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It may take years before music scholars can fully access how the pandemic that began in 2020 turned a vibrant music scene on its head. Among the most prominent footnotes, however, will undoubtedly be the example of how pianist, composer and arranger Arturo O’Farrill turned adversity into opportunity. On this 10-track program, O’Farrill uses digital technology to tap the talents of 38 members of his big band and guest artists from around the world. Without missing a beat, the large ensemble blows with aplomb through a program of traditional Latin jazz gems and adroitly crafted fusions of disparate music idioms.
The spirit of O’Farrill’s late father, renowned Cuban composer and arranger Chico O’Farrill, always plays a role in Afro Latin Jazz Orchestra programs. “En la Oscuridad” (“In the Darkness”) reprises Chico’s arrangement on this gorgeous bolero (ballad) that features tenor saxophonist Ivan Renta. The ultimate blast from the mambo past is Tito Puente’s “Para los Rumberos,” with six ALJO members soloing on this long-form take.
The balance of the program plunges audaciously into an eclectic mélange of global styles. “Pouvoir,” based on a sacred Moroccan dance, saunters lightly to a 6/8 pulse, buoyed by the flirtatious vocal in French of Malika Zarra. “Ana Mashoof” is a restful ballad composed by Kuwaiti musician Ghazi Faisal al-Mulaifi, who is featured on voice and guitar with rhythmic backing by the Middle Eastern percussion ensemble Boom Diwan. The hypnotic “Desert” celebrates Middle Eastern modes and features the composer, Jerusalem-born Rafi Malkiel, on an entrancing euphonium solo.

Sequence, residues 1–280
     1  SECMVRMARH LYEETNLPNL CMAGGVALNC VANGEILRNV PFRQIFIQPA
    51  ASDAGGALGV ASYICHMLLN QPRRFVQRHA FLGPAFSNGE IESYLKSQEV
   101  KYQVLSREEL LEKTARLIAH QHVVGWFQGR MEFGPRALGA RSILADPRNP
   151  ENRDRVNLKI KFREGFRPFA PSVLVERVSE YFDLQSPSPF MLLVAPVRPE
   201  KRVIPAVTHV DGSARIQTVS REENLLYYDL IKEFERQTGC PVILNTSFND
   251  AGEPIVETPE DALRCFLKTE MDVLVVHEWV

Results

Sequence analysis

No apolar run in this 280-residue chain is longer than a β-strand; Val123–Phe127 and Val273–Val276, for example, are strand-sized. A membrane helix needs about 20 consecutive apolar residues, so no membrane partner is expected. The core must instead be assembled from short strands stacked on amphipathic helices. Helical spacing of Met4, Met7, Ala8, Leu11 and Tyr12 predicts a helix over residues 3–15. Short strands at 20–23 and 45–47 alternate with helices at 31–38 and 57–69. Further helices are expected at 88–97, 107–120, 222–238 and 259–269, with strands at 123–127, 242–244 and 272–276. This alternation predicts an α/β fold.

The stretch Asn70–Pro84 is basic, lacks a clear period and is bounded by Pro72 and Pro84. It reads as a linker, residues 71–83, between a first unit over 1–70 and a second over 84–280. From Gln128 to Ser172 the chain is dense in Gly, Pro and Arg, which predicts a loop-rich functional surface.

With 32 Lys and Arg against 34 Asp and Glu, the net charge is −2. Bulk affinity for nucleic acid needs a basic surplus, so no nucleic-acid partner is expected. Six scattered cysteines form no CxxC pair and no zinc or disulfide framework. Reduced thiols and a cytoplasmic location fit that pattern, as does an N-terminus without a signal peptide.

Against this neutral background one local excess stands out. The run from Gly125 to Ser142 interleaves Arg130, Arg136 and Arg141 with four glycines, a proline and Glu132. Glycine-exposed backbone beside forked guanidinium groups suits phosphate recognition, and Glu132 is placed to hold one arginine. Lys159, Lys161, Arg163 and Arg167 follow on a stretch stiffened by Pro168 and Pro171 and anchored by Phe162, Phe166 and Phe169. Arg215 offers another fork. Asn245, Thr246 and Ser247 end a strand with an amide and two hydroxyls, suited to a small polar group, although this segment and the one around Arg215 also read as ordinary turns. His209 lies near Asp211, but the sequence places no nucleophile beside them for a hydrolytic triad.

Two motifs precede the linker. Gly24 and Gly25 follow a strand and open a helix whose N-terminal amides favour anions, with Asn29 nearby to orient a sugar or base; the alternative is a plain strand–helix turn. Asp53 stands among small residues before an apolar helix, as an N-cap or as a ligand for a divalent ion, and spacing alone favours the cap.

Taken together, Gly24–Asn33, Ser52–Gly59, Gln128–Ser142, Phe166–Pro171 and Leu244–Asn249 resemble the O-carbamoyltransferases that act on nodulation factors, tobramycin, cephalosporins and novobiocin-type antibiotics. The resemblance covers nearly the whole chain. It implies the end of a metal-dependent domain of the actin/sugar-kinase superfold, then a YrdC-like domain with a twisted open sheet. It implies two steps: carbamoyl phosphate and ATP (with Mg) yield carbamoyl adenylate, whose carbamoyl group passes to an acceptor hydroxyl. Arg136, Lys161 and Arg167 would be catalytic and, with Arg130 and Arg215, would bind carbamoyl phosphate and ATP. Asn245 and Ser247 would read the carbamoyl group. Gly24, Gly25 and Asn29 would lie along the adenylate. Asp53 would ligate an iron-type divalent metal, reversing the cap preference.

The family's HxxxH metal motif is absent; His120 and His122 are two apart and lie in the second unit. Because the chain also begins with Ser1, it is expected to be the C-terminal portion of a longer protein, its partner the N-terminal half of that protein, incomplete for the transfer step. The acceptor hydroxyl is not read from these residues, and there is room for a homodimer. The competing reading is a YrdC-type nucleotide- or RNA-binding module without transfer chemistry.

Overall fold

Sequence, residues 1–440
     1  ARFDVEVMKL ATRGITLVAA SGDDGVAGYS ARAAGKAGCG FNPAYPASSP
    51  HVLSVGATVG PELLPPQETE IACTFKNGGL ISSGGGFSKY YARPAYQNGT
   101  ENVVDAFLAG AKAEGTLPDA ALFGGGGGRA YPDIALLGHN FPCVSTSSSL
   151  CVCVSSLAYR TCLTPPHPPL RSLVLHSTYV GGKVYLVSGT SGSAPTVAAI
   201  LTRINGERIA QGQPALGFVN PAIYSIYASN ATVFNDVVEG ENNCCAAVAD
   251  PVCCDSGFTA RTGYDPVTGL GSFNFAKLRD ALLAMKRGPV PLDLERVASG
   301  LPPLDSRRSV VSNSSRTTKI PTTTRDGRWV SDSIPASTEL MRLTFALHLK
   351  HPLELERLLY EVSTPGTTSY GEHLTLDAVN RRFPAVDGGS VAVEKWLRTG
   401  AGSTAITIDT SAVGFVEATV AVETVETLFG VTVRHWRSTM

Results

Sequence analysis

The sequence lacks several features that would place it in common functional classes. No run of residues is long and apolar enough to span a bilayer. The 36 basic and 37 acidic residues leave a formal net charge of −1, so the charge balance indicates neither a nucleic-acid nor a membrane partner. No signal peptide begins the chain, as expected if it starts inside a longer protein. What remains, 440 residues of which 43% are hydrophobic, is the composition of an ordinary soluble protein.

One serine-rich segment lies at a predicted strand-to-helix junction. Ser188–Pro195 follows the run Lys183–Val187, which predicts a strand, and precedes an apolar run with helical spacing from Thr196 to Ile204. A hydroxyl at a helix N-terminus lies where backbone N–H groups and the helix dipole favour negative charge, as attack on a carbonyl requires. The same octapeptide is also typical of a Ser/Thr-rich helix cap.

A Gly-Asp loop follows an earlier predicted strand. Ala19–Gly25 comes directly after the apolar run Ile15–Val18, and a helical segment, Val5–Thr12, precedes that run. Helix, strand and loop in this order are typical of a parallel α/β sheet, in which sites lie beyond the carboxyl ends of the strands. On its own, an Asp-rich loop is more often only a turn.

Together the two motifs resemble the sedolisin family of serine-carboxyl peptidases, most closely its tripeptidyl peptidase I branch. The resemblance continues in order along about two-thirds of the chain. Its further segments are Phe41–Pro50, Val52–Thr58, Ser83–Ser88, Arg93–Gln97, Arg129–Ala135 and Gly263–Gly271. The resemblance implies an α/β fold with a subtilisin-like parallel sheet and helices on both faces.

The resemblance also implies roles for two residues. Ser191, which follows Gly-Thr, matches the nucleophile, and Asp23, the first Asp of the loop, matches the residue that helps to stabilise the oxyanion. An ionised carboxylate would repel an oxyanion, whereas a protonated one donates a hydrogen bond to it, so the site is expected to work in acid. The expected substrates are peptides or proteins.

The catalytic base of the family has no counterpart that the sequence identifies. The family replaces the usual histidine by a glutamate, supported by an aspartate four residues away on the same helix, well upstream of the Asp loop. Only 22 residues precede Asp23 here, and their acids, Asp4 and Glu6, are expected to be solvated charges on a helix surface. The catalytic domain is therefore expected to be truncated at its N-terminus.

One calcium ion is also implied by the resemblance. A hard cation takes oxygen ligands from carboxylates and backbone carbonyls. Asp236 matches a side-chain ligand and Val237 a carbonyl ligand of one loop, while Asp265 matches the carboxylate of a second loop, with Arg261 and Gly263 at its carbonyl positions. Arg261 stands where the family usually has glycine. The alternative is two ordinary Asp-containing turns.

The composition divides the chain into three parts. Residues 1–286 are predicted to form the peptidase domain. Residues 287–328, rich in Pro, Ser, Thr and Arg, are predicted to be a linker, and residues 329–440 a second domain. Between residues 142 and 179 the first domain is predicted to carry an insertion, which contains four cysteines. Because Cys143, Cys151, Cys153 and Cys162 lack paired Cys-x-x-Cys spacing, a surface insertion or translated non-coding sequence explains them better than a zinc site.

Two Brazil-derived pieces, “Samba for Carmen,” featuring its composer, Paquito D’Rivera, on alto sax, and “Alafia,” a percussion-driven work that evokes the spirit of the Afro-Brazilian Candomblé religious tradition, round out the set. O’Farrill has done it again — using the Afro-Cuban rhythms generated by the ALJO as a starting point, he brings global styles into perfect harmony. — Mark Holston